Up & Atom

A bipartisan group of nine US senators introduced the Nuclear Energy Leadership Act (NELA), S. 3422, on September 6. According to a press release announcing the bill’s introduction, NELA will “boost nuclear energy innovation and ensure advanced reactors can provide clean, safe, affordable and reliable power to meet national and global energy needs.” The legislation was introduced by Senators Lisa Murkowski (R-AK), Cory Booker (D-NJ), James Risch (R-ID), Shelley Moore Capito (R-WV), Mike Crapo (R-ID), Richard Durbin (D-IL), Joe Manchin (D-WV), Sheldon Whitehouse (D-RI), and Chris Coons (D-DE).

If enacted, NELA would provide support for advanced reactors, including a program to provide a source of low-enriched, high-assay uranium to advance nuclear reactor technology development. According to the sponsors, the bill plans to incentivize public-private partnerships among the federal government, research institutes, and private industry. The bill also includes education initiatives, workforce development, and training for nuclear science. In addition, NELA would direct the US Department of Energy (DOE) to provide a “versatile, reactor-based fast neutron source, which shall operate as a national user facility” by no later than the end of 2025.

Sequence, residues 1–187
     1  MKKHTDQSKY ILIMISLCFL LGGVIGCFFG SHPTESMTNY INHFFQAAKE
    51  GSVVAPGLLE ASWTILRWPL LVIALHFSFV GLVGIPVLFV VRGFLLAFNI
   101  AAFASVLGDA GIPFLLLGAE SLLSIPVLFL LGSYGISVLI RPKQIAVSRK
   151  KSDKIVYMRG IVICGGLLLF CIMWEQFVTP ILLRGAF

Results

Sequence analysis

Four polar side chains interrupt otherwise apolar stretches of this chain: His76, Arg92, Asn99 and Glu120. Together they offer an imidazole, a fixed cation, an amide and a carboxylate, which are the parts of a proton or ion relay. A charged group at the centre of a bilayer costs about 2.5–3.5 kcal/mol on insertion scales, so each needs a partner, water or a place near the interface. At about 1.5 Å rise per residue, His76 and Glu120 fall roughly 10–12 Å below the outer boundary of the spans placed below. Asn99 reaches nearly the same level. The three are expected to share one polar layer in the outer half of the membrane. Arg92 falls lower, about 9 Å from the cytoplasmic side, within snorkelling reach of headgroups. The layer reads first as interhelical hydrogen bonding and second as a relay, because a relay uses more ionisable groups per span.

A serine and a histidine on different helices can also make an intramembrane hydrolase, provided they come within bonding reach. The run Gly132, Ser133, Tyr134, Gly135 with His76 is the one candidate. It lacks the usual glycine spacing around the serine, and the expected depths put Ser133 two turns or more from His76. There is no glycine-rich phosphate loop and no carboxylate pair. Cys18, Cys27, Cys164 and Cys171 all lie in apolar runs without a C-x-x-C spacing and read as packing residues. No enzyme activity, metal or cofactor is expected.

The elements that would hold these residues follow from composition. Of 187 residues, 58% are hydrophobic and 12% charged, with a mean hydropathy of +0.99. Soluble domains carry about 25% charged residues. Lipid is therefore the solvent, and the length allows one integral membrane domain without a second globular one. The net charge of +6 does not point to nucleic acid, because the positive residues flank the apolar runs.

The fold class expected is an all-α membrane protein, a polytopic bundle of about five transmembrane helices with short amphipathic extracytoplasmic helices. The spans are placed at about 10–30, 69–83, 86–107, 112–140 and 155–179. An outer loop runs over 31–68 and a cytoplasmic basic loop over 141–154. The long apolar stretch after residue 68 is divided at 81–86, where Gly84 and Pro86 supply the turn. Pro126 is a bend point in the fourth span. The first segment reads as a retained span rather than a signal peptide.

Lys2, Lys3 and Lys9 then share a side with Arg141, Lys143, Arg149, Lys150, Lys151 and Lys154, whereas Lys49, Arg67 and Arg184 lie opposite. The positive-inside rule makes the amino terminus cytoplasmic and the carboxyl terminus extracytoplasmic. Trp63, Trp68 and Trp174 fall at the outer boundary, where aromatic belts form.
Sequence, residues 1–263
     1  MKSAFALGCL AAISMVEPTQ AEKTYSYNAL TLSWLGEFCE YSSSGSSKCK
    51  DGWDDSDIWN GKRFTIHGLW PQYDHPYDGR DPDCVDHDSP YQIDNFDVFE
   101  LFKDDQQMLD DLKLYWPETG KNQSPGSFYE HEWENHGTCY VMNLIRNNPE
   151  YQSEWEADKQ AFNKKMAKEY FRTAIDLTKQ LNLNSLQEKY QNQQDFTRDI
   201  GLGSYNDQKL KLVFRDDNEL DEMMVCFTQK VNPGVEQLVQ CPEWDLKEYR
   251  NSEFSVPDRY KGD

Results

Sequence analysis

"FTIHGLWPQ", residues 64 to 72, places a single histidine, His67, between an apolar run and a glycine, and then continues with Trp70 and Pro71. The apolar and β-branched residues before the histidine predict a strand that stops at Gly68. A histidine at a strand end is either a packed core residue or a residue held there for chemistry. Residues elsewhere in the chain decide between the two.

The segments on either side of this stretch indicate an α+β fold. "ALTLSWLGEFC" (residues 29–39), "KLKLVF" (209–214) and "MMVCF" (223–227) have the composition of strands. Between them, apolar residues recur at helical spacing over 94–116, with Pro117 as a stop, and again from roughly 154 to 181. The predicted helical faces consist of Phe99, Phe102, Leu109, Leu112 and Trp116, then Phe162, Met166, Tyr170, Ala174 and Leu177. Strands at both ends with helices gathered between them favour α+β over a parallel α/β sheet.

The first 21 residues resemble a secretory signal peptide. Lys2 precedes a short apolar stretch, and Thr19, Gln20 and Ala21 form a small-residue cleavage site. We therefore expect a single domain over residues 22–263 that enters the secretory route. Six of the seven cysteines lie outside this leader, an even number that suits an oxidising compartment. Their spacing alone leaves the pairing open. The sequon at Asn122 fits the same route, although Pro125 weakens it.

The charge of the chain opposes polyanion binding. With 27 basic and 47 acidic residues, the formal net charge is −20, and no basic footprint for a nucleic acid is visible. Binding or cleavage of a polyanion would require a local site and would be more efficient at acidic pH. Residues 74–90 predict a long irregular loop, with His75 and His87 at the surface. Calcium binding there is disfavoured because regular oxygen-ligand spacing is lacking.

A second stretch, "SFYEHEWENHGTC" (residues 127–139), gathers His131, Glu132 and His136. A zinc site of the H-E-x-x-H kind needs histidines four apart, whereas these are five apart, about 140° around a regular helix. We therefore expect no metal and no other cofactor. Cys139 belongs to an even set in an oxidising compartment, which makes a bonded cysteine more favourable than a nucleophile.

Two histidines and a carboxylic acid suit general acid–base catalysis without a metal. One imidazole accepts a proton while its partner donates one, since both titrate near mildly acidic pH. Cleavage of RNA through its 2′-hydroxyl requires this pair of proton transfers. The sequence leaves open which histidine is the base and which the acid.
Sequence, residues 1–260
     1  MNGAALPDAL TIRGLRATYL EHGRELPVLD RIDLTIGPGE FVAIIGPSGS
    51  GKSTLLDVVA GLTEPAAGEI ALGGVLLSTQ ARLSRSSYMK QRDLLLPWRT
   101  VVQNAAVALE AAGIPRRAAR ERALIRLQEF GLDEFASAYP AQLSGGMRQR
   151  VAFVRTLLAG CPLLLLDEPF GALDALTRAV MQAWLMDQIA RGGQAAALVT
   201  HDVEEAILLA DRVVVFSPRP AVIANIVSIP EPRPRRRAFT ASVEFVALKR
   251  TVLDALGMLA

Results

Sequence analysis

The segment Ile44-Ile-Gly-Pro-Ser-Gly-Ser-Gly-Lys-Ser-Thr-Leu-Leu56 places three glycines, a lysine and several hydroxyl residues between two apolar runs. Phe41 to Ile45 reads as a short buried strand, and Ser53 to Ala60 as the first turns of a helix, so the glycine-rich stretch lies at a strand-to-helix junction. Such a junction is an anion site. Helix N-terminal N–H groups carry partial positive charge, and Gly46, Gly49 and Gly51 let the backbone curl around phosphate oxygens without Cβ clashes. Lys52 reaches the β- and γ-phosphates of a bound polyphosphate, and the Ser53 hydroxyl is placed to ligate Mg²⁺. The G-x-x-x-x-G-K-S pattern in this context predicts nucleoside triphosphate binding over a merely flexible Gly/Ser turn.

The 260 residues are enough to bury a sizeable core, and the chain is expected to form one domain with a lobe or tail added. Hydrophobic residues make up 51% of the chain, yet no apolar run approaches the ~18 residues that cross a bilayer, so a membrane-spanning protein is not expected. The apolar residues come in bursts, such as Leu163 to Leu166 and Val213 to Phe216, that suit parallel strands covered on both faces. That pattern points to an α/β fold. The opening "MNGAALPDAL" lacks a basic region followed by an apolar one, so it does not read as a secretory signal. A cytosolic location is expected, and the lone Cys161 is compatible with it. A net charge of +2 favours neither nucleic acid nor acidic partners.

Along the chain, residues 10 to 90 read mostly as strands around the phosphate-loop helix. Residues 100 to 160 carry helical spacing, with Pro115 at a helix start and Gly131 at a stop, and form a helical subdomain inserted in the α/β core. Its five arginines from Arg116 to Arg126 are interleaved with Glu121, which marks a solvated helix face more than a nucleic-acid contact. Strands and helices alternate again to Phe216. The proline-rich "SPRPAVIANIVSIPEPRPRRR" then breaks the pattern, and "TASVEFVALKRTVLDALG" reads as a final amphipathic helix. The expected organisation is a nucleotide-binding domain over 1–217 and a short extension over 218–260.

Of particular note for advanced reactor fuel designs, NELA authorizes the issuance, through sale, resale, transfer, or lease, of low-enriched uranium from DOE stockpiles of high-assay, low-enriched uranium fuel to support fuel testing and nuclear demonstration projects. This program would make available high-assay low-enriched uranium, with at least two metric tons of uranium-235 available by the end of 2022 and 10 metric tons available by the end of 2025.

NELA also directs DOE to create programs to support demonstration projects for advanced reactor designs, identify areas for fundamental nuclear research, and grant the private sector increased access to the results of federally funded nuclear research. NELA specifically directs DOE to enter into at least four separate nuclear demonstration project agreements by 2028, and to explore advanced materials research and fuel designs through fundamental research. The bill also would allow the Secretary of Energy to establish a long-term pilot program to enter into a power purchase agreement for nuclear power for up to 40 years. The pilot program would be intended to give “special consideration” to “first-of-a-kind or early development nuclear technologies that can provide reliable and resilient power” to off-grid locations.